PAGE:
I faced this problem at work while trying to devlop a dynamic User Interface that adapts to the underlying datamodel. The solution that worked for us was a little unexpected. Basically, if you associate a static transformation (XSLT) between an XML representation of RDF content (could be as isolated as foaf:Person chunks or as complete as the whole FOAF graph) and the RDF/XML serialization, you can predictably fit an XForm ontop of the XML data and serialize to RDF (and into the RDF store) when you are finished manipulating the data. Essentially, XML acts as an intermediary communication medium between the Forms (XForms) and the datastore (RDF). I plan to write more about effective this can be (in closed systems) beyond simply extracting RDF content from microformats embedded in XHTML (via GRDDL).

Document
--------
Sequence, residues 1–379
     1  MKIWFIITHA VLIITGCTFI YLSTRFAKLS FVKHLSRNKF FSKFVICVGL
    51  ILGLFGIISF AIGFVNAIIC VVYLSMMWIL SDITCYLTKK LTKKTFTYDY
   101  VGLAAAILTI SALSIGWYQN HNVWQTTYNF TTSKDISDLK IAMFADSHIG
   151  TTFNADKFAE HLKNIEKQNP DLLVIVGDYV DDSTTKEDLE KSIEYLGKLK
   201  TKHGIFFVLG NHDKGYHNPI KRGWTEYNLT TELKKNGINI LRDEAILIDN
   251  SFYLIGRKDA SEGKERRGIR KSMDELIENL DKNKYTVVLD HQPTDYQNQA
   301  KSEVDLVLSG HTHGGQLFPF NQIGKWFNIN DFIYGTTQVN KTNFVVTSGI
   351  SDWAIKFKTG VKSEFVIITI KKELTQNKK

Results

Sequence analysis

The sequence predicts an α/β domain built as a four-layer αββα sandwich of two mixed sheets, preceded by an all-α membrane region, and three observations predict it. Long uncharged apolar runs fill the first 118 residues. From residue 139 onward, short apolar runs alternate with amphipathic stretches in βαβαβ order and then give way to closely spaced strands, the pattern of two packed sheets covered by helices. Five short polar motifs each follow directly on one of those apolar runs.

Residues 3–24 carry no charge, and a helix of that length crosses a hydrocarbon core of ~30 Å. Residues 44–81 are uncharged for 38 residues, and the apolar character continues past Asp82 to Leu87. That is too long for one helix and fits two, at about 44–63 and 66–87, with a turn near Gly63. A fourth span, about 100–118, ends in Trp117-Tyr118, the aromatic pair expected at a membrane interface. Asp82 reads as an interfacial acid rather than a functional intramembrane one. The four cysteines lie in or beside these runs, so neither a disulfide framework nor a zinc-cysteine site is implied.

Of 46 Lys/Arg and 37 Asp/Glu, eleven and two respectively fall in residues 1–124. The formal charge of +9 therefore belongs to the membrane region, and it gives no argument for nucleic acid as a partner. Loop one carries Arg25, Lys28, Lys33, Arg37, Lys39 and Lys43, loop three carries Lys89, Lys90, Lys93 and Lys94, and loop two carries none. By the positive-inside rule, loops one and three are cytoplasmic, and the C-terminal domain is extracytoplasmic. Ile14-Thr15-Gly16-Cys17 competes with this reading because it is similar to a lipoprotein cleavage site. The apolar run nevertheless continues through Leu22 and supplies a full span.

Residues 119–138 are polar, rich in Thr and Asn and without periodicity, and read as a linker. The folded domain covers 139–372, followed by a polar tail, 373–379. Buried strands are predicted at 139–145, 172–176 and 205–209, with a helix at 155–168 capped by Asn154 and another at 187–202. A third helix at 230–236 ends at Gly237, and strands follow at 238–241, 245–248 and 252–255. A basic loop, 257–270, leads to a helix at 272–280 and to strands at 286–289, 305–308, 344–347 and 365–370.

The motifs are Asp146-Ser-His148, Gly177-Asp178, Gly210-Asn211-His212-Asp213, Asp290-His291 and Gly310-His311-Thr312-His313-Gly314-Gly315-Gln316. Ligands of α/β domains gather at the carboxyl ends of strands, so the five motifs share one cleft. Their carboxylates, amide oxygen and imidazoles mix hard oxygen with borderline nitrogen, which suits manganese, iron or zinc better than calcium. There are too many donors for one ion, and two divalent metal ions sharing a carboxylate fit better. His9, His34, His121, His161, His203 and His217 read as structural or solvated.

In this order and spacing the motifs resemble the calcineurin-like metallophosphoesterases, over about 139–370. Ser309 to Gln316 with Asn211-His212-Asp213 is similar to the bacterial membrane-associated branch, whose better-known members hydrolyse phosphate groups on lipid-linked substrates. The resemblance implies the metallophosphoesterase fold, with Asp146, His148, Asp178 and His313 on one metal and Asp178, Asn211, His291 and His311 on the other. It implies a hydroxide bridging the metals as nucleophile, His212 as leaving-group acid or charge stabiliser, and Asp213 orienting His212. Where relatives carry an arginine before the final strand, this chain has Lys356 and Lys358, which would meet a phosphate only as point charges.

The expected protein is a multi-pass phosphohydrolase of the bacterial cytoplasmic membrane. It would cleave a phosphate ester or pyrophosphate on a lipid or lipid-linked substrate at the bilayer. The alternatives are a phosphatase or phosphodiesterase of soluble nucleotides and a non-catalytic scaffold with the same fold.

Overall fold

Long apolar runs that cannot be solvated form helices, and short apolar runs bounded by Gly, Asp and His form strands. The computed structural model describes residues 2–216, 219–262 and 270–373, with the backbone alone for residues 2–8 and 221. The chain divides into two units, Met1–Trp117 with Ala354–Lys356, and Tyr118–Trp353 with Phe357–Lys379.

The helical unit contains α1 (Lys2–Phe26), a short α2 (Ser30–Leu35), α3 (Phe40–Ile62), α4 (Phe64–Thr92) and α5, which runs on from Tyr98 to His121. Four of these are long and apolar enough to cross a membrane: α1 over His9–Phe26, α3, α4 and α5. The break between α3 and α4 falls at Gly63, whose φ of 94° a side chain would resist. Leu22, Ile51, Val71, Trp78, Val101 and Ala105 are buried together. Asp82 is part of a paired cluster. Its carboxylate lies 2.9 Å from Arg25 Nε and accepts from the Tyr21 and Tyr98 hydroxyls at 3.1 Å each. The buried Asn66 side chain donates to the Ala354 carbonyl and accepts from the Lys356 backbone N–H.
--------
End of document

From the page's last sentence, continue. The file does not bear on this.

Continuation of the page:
Danny
(August 22, 2005 11:14 AM #)

What I'd find helpful here would be more compare & contrast of how this specific problem would be solved using a traditional RDBMS.

I suspect there may be several intertwingled issues at play: for a start there's the general data structure, n-ary relations vs. triples/graph. (If you need to do a lot of joins then the two get closer in terms of difficulty). Then there's the handling of the get/set operations, which can happen directly against an SQL store or through OO languages get/set, compared to the accumulator open-worldiness of RDF. (The question of transactions is probably best left until later ;-)